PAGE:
Are you looking for a way to describe the shady actions of people like politicians? If so, you could say that all they offer at a campaign rally is “smoke and mirrors” for the public. This post unpacks the meaning and origin of this expression.
The expression “smoke and mirrors” means that someone or an organization is trying to “keep you in the dark” about something. They present you with one argument or statement, and they are covertly working on something in the background.
The phrase originally applied to magic, but it moved into political language in the 1990s. Today, people will use “smoke and mirrors” to describe a government trying to cover up its actions with false or misleading information.
The saying could apply to a politician’s campaigns being nothing but smoke and mirrors or the results of a war being nothing but smoke and mirrors.
“Politicians are all smoke and mirrors. They promise the world and what the people want to hear, but when they get in office, they do nothing.”
“Don’t believe the hype about the invasion; it’s all smoke and mirrors to disguise the real problem going on behind the scenes.”
“That guy is all smoke and mirrors. He doesn’t let us in on anything, and I don’t know how we can trust him.”
“The global economy seems fragile and dependent on government policy, but it’s all smoke and mirrors, and it’s the Federal Reserve that has the real power over the global economy.”
The expression’s origin, “smoke and mirrors,” comes from the magic industry. It’s a way of describing an illusion. Johann Georg Schröpfer coined the phrase when describing stage magic performed in the 19th-century.
The “phantasmagoria” shows of the time would use lanterns to project images and cast light onto conjured smoke in the air, portraying the illusion of floatation or the disappearance of people or objects.
American journalist, Jimmy Breslin, popularized the modern use of the phrase in his notes on “Impeachment Summer” in 1975. Breslin refers to the US political system using “smoke and mirrors.”
“All political power is primarily an illusion… Mirrors and blue smoke, beautiful blue smoke rolling over the surface of highly polished mirrors… If somebody tells you how to look, there can be seen in the smoke great, magnificent shapes, castles, and kingdoms, and maybe they can be yours.”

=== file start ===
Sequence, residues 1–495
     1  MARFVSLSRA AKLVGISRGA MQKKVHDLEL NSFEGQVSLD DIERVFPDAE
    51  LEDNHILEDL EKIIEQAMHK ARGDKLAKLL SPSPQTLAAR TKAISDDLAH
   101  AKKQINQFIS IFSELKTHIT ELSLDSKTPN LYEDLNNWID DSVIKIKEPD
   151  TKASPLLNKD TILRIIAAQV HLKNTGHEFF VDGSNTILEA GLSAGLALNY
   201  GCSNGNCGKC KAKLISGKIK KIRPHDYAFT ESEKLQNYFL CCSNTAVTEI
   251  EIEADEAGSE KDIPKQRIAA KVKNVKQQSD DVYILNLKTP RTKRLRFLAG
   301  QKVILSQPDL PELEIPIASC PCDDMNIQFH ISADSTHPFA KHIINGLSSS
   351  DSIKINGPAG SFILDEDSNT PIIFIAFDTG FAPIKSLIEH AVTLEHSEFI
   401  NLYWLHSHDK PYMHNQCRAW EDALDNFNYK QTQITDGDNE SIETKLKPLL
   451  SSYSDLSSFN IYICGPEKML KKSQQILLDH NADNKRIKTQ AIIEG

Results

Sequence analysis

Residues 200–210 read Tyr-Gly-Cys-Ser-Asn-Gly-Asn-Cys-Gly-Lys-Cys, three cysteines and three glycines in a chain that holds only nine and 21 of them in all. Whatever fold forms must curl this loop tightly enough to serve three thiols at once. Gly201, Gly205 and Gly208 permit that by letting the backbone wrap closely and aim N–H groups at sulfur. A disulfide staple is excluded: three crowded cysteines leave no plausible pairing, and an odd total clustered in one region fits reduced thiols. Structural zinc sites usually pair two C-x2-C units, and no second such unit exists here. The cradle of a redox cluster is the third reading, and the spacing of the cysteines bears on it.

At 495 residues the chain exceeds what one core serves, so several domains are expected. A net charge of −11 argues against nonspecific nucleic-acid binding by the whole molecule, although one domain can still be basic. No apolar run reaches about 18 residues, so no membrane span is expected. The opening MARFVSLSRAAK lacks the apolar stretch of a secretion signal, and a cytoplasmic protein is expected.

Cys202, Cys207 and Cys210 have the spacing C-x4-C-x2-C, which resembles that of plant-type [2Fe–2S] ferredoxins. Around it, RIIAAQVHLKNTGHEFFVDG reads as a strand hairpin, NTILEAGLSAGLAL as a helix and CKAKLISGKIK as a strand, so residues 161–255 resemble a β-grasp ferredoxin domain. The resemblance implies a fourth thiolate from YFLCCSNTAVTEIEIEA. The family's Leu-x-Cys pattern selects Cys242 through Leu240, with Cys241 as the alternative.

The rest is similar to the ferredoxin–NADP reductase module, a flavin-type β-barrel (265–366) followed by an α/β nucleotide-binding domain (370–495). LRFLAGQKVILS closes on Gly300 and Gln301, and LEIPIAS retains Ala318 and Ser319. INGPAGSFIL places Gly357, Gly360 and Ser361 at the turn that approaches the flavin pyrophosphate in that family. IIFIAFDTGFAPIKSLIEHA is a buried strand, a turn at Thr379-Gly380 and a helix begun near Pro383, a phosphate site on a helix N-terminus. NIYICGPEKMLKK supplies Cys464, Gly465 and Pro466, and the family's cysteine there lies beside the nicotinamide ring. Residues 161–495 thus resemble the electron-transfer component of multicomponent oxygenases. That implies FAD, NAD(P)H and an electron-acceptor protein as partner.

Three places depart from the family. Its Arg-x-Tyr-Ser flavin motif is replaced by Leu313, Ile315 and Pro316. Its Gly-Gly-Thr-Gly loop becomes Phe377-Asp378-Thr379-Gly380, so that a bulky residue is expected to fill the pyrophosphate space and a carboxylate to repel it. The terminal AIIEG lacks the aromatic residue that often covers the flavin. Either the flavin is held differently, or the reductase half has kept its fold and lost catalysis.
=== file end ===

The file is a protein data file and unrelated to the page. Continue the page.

The use of the saying in political reporting led to its use in literature, appearing as the title of the book, “Smoke and Mirrors: The War on Drugs and the Politics of Failure,” written by Dan Baum, and published in 1996.
Phrases Similar to Smoke and Mirrors
- Artful deception.
- Sleight of hand.
- Snow job.
Phrases Opposite to Smoke and Mirrors
- Straightforward appearance.
What is the Correct Saying?
- Smoke and mirrors.
Ways People May Say Smoke and Mirrors Incorrectly
The phrase no longer has any connection to magic. In modern language, people use it to describe someone deceiving them and not letting them in on the truth. Using the phrase to describe smoke and mirrors in magic shows is no longer the preferred format of the saying.
Acceptable Ways to Phrase Smoke and Mirrors
You can use the phrase “smoke and mirrors” when you’re trying to describe someone trying to “pull the wool over your eyes.” Essentially, it’s a saying implying that someone is leading you on or being disingenuous with you. They are using distraction tactics to keep you from seeing the truth, and they are intentionally keeping you in the dark about something. The saying suits professional and social use, and you probably hear it all the time.